The Tubs of Aphrodite
I am in an unknown sanctuary on a hillside. The hill is terraced with parts of the sanctuary occupying three different levels. The uppermost room of the sanctuary is roofed, the lower open to the sky. The atmosphere is hushed, the silence which precedes either the mysteries or a natural disaster.
I am with Yvonne on the terrace. In front of me I see a large Roman tub made of copper. The tub begins to rock with the tremors and overturns. I mount it like a capsized boat and am saved, but Yvonne is crushed underneath and dies. The quake has sent mudslides into the sanctuary, torrents of mud and water.
One month before going to Rome in 1989 I had the preceding dream. My first morning there I took a walk on the Via Dandolo, near the American Academy in Rome. Discovering at the bottom of the Villa Sciarra, the Syrian Sanctuary, preserved like a bee in amber. Its general plan was exactly like the sanctuary in my dream.
The Syrian Sanctuary contained an open-air temenos –a consecrated area- on the lower two levels and a vaulted sanctuary on the upper levels. Later I learned that mud slides had covered the back walls of the temple in antiquity, preserving them up to their vaults.
The Syrian Sanctuary, in dreams and in reality, became a stage set for a divine drama. As a modern woman and an artist, the sanctuary, its purposes and uses, the Goddesses Aphrodite and Dea Syria, and the principles they stand for, have come to life in a special way.
In the dream I was saved, by crawling inside the copper tub. Copper belongs to Aphrodite, it is her metal, and acts as a conductor for her energies. The tub, sea, and the bath are her domain. The Eros principle of Aphrodite, is also the agent of dissolution: in the dream I am saved by bathing in the Eros principle.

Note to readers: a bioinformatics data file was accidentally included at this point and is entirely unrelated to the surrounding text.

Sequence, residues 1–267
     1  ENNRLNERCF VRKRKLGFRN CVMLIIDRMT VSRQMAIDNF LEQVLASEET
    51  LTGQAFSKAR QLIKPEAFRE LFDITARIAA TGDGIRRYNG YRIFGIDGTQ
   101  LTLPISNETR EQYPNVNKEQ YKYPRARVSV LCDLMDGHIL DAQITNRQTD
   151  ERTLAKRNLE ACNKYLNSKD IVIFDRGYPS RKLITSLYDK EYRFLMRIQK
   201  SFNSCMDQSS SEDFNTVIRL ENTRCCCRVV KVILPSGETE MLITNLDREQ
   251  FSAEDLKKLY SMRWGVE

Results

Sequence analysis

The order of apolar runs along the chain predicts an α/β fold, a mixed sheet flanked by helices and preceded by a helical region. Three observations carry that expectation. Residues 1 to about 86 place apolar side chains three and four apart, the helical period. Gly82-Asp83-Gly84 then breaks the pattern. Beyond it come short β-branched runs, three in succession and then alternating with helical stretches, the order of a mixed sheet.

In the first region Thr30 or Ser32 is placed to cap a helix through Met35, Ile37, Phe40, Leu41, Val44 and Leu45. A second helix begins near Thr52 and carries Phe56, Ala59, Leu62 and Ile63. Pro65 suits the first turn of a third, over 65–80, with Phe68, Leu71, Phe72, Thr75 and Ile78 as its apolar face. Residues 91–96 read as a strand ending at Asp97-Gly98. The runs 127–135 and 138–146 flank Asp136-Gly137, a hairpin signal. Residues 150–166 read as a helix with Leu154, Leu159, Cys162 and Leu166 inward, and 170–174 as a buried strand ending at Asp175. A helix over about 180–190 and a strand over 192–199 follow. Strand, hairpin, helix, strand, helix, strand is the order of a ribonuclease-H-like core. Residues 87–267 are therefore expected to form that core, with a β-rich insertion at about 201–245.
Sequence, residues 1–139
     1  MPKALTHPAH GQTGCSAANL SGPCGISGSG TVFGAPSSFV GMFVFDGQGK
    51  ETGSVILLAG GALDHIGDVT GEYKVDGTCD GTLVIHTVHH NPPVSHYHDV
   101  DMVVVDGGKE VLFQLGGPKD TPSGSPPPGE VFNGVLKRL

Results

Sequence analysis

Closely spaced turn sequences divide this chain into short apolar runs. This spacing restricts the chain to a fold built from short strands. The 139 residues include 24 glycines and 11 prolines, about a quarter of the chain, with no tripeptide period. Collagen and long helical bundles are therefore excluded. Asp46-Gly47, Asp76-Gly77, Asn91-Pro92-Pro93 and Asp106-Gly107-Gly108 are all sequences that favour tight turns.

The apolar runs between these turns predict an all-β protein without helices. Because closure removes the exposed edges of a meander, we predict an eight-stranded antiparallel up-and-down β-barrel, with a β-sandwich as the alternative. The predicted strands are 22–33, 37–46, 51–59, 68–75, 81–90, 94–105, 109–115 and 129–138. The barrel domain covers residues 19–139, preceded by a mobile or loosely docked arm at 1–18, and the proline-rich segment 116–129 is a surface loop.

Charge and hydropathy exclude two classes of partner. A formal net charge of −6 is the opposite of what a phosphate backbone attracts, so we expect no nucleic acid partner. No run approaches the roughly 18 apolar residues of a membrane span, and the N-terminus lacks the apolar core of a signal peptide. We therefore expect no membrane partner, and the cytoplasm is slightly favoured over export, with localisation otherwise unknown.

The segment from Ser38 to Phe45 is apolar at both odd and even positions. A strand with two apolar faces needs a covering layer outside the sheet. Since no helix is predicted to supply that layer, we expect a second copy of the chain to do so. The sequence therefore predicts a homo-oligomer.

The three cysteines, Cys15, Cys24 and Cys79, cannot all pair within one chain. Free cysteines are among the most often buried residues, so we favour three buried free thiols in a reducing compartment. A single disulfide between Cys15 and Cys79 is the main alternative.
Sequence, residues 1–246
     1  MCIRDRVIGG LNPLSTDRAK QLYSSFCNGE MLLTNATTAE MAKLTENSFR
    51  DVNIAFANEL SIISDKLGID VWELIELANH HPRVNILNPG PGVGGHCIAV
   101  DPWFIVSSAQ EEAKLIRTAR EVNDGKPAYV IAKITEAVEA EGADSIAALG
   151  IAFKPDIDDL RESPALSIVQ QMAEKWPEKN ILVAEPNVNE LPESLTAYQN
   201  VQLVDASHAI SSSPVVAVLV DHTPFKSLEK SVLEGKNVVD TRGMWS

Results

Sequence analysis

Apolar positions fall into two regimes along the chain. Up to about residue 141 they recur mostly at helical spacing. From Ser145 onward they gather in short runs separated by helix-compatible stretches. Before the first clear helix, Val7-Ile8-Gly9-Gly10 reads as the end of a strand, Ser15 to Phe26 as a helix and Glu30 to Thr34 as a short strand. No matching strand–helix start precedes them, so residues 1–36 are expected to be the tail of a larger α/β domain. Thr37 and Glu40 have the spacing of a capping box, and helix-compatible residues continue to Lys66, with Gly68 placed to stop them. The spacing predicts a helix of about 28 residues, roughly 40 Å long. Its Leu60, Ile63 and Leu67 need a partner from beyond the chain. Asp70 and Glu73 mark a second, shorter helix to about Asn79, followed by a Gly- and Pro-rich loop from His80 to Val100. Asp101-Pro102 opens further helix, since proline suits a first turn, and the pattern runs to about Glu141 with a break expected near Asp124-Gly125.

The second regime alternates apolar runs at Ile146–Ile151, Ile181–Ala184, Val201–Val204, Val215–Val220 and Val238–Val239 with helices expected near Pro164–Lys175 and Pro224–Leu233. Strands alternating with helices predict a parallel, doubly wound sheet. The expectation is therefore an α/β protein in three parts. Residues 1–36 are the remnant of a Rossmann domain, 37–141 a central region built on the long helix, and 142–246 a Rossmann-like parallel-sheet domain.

The sanctuary and the tub are filled with mud and water. In many creation myths, water is the original matter out of which the world is created. Because it fills the womb the womb, water is related to birth. The earth element is also key, as in many Native American creation myths. A ball of mud is brought up through the waters, or a ball of earth is scraped from the arm of the Creator to from the world. Here the earth and water cause one form to disappear, and a new, regenerated one to emerge.
The spring, the pool and the use of water in the pagan mystery religions, and those that followed, are linked to the power of the moisture principle, a primary source of life. Bothe Aphrodite and Dionysus are associated with water; they are associated with spontaneity, regeneration, and feel as opposed to restraint more associated with Apollo. Aphrodite symbolizes birth, fertility, and procreation. The bath and immersion images relate to baptism, healing, and rejuvenation.
Socrates and Plato imply that it is women-Aphrodite, Diotima, and Sappho- to whom one goes for the truthful vision of love. The academies of Aphrodite taught not only love, also positive human relations, and ethics in the ancient world, even soldiers studied at her academies. We need this positive Eros more today than ever.
Aphrodite was not without her dark side, in the form of nymphs who lure men to their deaths in deep waters. The goddess can also be implacable and remorseless, the root cause of hatred, rivalry, jealousy, and cruelty, as we learn from the hymns of Sappho.
Cast bronze from lost wax
24” by 56” by 50”
“Your golden chariot yoked: sparrows beautiful and swift conveyed you, with rapid wings a flutter, above the dark earth from heaven through mid-air;
And soon they were come, and you, fortunate with a smile on your immortal face, asked what ails me now, and why I am calling now”
Cast bronze from lost wax
38 ½” by 97” by 116”
“Richly-enthroned immortal Aphrodite, daughter of Zeus, weaver of wiles, I pray to you: break not my spirit. Lady, with heartache or anguish”
I made the winged tubs because for me they seemed to come from the heavens. Aphrodite is ornithic, and is often paired with the dove, the goose, and the swan. Or she is born by waterfowl.